There is a new department store (Focus Market) just down the street from where we generally do all of our shopping. On Thursday, we went there to see what it had. It was modern with many new products that we may be interested in later.
What really caught my eye was their tea offerings. Much of it was typical green tea from Emei Mountain, but some were quite unique. I had not prepared to look at tea so I did not have my cheat sheet with me. I did notice two kinds of tea that seemed to be white tea. I remembered that a kind of white tea was called "silver needles" or yin zhen. Two types of this yin zhen were being offered at this store. I went back home and researched white tea and the yin zhen and, sure enough, it was as I had remembered.
On Sunday we went back to visit the store and I bought some of the Emei Mountain Yin Zhen. The other was a Jun Shan Yin Zhen but I wanted to have the locally produced tea. When we returned home, I did some more research and found that this particular yin zhen was, in fact, a yellow tea. The white tea was known as bai hao yin zhen. According to my research, the best yin zhen yellow tea comes from Jun Shan:
Mt. Jun Silver Needle is one of China’s most famous teas and is honored as the king of Yellow teas. The tea originates from Jun Shan Island (also known as the Island of Immortals) of Lake Dong Ting in Hunan Province. The yearly production of this tea is very limited, using only early Qing Ming harvest. Tea leaves picked after this period were processed into other teas such as Jun Shan Mao Jian and Jun Shan Lu Cha. Jun Shan Yin Zhen was an Imperial Tribute tea back in the ancient days, and is also well-known as Chairman's Mao favorite tea. The tea is composed of needle shaped buds that are relatively dry and green in color. In recent years, it is getting increasingly difficult to obtain authentic Jun Shan Yin Zhen. Processing this yellow tea requires great skill and effort. It has a delicate aroma with a hint of floral notes. The taste is smooth, light and sweet at first sip but finishes with a fleeting smoky taste. After a few cups, you will still feel the light sweetness in your mouth.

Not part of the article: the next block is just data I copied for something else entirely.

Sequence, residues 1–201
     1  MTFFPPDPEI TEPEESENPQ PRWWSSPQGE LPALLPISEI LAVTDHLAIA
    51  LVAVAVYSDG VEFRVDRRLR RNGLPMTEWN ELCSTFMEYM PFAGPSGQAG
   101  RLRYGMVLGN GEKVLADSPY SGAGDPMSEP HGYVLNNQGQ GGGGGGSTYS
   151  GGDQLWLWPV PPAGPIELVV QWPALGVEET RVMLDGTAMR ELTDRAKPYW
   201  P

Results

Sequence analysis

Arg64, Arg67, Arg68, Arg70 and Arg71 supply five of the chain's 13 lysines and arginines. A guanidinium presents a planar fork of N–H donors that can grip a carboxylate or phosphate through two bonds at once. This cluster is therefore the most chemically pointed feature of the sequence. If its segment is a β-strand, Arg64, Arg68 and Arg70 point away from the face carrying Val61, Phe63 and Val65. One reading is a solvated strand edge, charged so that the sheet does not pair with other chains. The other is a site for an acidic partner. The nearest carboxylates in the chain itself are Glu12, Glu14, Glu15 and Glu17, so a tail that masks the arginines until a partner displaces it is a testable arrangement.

OK, so I did not buy the most famous yellow tea in the world. It will be interesting to try this particular Emei Mountain Yin Zhen and we will just have to try the other later.
To try this yellow tea, we broke out our new tea tray which we had bought at the Tea Culture Town area. Isn't it beautiful with the matching set of "tea tools?"
The leaves of the Emei Mountain Yin Zhen are greenish to yellow in color and resemble the shape of Zhu Ye Qing and other premium green teas from Emei. We only bought a small amount to try because it was expensive (50 grams was around $3).
This is a close up of the Yin Zhen leaves. One can easily see the light green and yellow color and the texture. They were not as tightly dried as the best greens from the local area.
We do not use the Gong Fu Method for our teas yet. That will come later. For now we are lazy and use a teapot kind of thing from Taiwan we bought from a Pu-erh Store in Yunnan Province this last summer. It is called the Piao I Teapot and it works great! Eventually we will get some bigger gaiwans for our wulongs and some teapots (hopefully Yixings) for some of the other teas. For now we just use this great little invention. In fact, we have three of them with the other two being cheaper Chinese copies. They seem to all work about the same. Guess we have not reached the "tea snobbery" state yet.
The tea is a beautiful deep yellow. This is with about a three minute steep. The taste reminded me of the initial taste of Xue Ya but much sweeter and with less of a lasting aftertaste. The sensation is very complex but seemed to be just a bit weak. I think we will have to steep it longer to get these flavors to come out a little stronger.
Sunee thought it tasted like Zhu Ye Qing but I found it to be a lot more subtle with several different overtones that I would be hard pressed to describe. I like the tea and especially its deep yellow color. I think it would be interesting to get the famous Jun Mountain Yin Zhen and do a taste comparison between it and this tea. What do you think?
The purest form of gastronomy is Tea - (This is an improved translation of an article I published in French a few days ago.) The way we practice skilled tea is gastronomy in its purest form. Te...
5 hours ago